threat to Microsoft's Windows operating system.

The open directory, at, is a collaborative effort by

thousands of editors, that have created one of the largest directories

on the net. Open Directory data is used in several large sites

including and as well as in numerous smaller

sites (including Mishpat.Net).

There are several reasons that open source has become so popular and

that so many Internet companies and users are involved in open source

projects. Some do it for the community spirit; others out of

self interest - incorporating knowledge and work of others in their

projects. Open source creates a win-win situation, because both

developers and users benefit from it. Users get free software, that

can be adjusted and customized to specific needs, without the

restriction usually imposed in more traditional software contracts.

Developers benefit from the the help, knowledge and work of thousands

of volunteers that help improve the product.

Now the phenomenon of open source comes to the practice of law. The

"Open Law" project, at adopts the open source model

in drafting legal documents. The open law forum is a project conducted

by the Berkman Center for Internet & Society, a cyberspace research

program at Harvard Law School. 

Open law is an experiment in crafting legal arguments in an open

forum. Open law members (registration is free) develop arguments,

draft pleadings, and edit briefs in public, online. Non lawyers and

lawyers alike take part in the process by: adding thoughts to the

"brainstorm", drafting, commenting on drafts in progress, and

suggesting reference sources.

Open law assumes that an open development process best harnesses the

distributed resources of the Internet community. By using the

Internet, public interest can speak as loudly as the interests of

corporations. The "cost" of this open work is the loss of secrecy,

opponents can read all documents during the drafting process. But the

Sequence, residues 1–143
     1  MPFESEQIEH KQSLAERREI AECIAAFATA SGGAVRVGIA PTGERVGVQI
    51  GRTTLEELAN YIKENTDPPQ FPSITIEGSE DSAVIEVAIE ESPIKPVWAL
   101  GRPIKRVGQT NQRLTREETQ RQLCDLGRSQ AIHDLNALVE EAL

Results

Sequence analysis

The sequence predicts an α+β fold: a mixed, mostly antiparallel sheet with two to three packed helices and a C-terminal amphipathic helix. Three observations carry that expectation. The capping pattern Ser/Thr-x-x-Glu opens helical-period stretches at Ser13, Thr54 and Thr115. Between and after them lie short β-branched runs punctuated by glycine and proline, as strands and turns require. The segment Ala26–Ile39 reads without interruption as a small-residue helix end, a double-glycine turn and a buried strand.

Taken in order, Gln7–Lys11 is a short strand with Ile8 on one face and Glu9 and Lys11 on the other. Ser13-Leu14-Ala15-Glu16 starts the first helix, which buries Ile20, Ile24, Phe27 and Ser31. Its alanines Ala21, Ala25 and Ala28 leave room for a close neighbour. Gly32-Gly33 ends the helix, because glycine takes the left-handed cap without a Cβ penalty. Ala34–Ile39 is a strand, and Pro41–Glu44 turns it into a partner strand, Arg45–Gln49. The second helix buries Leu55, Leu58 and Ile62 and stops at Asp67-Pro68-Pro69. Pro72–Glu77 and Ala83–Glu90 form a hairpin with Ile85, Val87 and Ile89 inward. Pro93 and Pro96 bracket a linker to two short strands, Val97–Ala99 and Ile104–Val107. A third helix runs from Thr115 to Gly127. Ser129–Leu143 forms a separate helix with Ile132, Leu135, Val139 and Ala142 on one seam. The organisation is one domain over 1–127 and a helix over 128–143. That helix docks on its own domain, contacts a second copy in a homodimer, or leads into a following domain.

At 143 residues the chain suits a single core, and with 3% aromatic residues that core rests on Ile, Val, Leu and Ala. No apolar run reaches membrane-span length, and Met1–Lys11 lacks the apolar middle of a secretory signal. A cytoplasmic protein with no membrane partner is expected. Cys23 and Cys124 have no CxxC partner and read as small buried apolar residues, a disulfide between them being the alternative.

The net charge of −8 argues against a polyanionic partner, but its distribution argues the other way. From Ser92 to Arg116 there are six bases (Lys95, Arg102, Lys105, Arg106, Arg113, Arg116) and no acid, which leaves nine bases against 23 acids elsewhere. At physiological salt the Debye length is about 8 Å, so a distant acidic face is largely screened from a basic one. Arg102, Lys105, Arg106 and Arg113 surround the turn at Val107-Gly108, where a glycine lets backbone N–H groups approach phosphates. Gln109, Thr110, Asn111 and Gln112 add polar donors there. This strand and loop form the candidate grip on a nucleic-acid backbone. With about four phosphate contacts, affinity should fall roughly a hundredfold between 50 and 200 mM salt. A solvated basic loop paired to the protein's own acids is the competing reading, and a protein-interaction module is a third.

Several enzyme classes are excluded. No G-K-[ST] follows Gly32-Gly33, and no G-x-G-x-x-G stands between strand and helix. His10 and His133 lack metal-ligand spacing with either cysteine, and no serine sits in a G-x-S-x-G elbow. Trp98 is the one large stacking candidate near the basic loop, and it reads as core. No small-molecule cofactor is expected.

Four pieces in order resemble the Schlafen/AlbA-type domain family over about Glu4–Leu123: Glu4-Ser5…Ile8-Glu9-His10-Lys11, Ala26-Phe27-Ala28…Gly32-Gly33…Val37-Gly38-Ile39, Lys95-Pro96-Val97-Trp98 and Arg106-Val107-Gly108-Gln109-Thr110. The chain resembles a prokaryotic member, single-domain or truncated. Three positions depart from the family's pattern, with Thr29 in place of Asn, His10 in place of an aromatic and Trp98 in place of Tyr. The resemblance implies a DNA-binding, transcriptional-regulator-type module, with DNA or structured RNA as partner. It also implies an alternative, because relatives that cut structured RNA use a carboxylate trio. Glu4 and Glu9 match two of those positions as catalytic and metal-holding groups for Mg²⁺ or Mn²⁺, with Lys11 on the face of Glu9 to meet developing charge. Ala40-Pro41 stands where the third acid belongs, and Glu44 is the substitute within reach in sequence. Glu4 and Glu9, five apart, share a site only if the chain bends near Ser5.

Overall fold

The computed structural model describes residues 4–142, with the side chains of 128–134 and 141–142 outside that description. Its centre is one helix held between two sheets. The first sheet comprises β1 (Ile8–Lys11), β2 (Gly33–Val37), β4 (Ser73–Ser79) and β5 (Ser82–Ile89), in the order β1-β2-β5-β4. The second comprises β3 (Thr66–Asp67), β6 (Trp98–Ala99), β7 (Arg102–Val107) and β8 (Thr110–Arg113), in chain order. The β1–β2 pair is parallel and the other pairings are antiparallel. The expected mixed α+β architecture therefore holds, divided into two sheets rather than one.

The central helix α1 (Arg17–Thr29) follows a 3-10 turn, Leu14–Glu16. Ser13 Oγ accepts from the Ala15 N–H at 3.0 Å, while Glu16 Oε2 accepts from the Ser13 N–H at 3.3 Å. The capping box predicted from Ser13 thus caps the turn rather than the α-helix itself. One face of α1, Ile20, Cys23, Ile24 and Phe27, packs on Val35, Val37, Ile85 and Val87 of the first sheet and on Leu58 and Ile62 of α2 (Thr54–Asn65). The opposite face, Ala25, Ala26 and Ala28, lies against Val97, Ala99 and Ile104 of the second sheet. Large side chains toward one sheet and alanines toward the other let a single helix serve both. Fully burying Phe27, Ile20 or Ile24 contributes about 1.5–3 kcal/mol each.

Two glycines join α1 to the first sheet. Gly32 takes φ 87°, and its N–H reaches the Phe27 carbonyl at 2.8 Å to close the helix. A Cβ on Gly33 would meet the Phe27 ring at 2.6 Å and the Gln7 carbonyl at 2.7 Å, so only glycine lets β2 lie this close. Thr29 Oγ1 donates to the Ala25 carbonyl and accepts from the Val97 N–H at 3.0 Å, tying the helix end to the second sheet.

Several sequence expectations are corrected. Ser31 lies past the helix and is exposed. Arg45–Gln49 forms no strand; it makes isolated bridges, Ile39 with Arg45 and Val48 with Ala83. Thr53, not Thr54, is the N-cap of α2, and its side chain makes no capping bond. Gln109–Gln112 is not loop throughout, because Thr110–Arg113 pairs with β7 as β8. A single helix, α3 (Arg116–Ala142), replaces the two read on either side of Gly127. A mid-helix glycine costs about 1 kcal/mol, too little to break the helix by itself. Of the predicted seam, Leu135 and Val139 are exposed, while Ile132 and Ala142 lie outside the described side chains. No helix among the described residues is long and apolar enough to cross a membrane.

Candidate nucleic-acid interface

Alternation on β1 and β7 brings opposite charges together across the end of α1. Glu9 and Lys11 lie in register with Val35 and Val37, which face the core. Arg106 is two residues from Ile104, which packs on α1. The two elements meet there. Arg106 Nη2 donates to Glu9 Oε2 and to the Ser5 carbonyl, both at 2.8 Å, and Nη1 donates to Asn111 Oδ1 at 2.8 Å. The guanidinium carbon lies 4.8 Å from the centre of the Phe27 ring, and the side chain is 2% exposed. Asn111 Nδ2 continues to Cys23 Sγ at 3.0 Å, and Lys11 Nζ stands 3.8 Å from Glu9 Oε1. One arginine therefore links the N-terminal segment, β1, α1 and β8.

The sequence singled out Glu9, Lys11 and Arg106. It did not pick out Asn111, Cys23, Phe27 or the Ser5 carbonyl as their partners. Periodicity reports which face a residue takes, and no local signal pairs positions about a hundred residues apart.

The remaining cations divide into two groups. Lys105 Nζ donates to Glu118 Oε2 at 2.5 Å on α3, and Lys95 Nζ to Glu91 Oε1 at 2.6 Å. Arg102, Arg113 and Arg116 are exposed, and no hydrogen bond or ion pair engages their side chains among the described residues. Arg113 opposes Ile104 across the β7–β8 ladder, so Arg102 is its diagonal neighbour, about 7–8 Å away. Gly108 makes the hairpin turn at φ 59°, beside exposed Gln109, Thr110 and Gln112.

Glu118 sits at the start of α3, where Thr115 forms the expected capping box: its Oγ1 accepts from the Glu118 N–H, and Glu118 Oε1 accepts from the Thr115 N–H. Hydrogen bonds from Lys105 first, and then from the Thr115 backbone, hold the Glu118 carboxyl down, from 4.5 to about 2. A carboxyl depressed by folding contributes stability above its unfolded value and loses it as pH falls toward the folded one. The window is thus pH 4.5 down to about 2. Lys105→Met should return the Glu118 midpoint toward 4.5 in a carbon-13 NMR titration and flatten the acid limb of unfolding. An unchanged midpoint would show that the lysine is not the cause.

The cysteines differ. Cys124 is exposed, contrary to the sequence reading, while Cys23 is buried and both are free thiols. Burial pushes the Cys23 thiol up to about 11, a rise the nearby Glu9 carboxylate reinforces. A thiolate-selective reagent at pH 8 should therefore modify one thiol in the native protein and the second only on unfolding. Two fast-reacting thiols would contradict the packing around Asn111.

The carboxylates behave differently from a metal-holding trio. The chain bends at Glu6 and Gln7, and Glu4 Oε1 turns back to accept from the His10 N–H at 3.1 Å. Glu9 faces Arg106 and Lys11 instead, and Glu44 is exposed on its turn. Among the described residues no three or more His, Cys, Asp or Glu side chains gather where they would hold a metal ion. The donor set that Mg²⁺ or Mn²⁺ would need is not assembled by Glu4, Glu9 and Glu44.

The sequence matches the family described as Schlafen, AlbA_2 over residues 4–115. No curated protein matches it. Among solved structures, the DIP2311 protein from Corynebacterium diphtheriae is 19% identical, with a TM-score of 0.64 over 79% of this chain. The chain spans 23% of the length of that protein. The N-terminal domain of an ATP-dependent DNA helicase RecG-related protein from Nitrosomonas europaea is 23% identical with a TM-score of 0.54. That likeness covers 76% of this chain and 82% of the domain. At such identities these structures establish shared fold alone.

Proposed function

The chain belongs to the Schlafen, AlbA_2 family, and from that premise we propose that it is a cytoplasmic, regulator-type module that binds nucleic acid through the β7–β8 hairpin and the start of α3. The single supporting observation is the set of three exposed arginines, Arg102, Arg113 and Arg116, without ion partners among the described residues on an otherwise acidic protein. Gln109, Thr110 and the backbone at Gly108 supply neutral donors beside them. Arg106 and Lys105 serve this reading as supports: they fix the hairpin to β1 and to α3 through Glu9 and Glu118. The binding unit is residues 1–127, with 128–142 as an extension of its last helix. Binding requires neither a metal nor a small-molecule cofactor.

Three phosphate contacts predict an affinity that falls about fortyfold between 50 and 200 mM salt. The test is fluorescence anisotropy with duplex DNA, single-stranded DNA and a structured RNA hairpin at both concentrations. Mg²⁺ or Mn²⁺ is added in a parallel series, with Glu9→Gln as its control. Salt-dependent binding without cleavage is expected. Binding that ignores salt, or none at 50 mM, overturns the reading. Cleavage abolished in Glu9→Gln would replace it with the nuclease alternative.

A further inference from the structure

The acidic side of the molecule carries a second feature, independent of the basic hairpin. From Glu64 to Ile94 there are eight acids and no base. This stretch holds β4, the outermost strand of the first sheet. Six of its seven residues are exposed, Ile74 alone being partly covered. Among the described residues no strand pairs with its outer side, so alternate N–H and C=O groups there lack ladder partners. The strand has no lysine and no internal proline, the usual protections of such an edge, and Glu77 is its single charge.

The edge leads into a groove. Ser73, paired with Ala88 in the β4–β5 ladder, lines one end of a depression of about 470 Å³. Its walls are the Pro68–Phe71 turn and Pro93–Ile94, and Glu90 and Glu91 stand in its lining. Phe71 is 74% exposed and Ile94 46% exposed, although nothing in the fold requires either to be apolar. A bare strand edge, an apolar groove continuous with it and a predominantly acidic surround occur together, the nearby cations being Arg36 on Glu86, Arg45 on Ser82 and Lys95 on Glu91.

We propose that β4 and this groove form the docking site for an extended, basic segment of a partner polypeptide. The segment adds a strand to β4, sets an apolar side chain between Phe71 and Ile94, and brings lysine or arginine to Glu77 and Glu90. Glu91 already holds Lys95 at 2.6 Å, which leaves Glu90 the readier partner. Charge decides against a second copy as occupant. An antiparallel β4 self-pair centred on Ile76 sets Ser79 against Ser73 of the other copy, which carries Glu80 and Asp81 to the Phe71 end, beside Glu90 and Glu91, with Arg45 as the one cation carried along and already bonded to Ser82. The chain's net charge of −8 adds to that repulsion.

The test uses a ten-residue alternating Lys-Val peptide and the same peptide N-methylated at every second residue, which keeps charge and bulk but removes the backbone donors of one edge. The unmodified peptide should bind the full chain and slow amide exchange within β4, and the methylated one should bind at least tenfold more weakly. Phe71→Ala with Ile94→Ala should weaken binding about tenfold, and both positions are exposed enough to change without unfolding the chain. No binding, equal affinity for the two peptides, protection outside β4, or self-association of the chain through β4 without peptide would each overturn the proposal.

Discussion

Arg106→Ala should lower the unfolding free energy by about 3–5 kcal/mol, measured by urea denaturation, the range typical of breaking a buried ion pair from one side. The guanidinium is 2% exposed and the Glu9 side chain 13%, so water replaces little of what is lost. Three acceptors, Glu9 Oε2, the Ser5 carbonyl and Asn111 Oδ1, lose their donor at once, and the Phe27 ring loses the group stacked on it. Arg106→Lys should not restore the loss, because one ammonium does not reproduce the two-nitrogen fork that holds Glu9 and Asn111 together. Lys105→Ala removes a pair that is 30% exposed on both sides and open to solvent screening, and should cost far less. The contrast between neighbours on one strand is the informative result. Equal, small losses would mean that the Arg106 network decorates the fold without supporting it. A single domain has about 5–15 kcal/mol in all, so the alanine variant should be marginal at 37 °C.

potential gain is much greater, bringing together legal minds from

all over the world, in a joint effort to create better arguments,

founded upon a greater variety of resources and ideas, and well

drafted documents.

Currently, the open law project is working on three cases. The first

Open law case, Eldred v. Reno, challenges the Sonny Bono Copyright

Term Extension Act, in which the U.S. Congress granted a 20 year

extension of the term of copyright protection. In the second case,

Intel v. Hamidi, the open law project is helping to represent Ken

Hamidi, a former Intel employee, against trespass charges for his

sending of unsolicited email to Intel employees. The third case, in

which the project is currently involved, is assisting four

Massachusetts communities in a legal battle with AT&T over open


You can join in the effort, read the current documents, join the

discussion forums or just visit and learn more about the project at


4. Cyberlaw resource of the week


This week's resource is the Industry Standard's weekly Net Law report.

The Industry Standard at is a well know

source, in print and online, for timely information about the Internet

economy and news analysis. 

The Standard offers several weekly and daily email newsletters,

covering various aspects of the online world. Recently, the Standard

added a weekly newsletter (delivered every Monday), written by John

Roemer, covering law news on the world wide web (or as John puts it:

"Report on the Law Shaping the Wild, Wild Web").

Every issue includes a feature article, giving an in-depth review of

one selected cyberlaw news item, a few short reports and reference to

to other law news stories.

John does not only send news reports to his readers, he also generates

discussions and brings readers' thoughts. In the "File your opinion"

section, John asks a weekly question such as "Should Net businesses

get different legal treatment than brick-and-mortar firms?" and

"Should the U.S. government trust American e-commerce to export

encryption products?". Readers' responses are published in the next

weeks' issue.

You can subscribe to the Net Law report, as well as to other great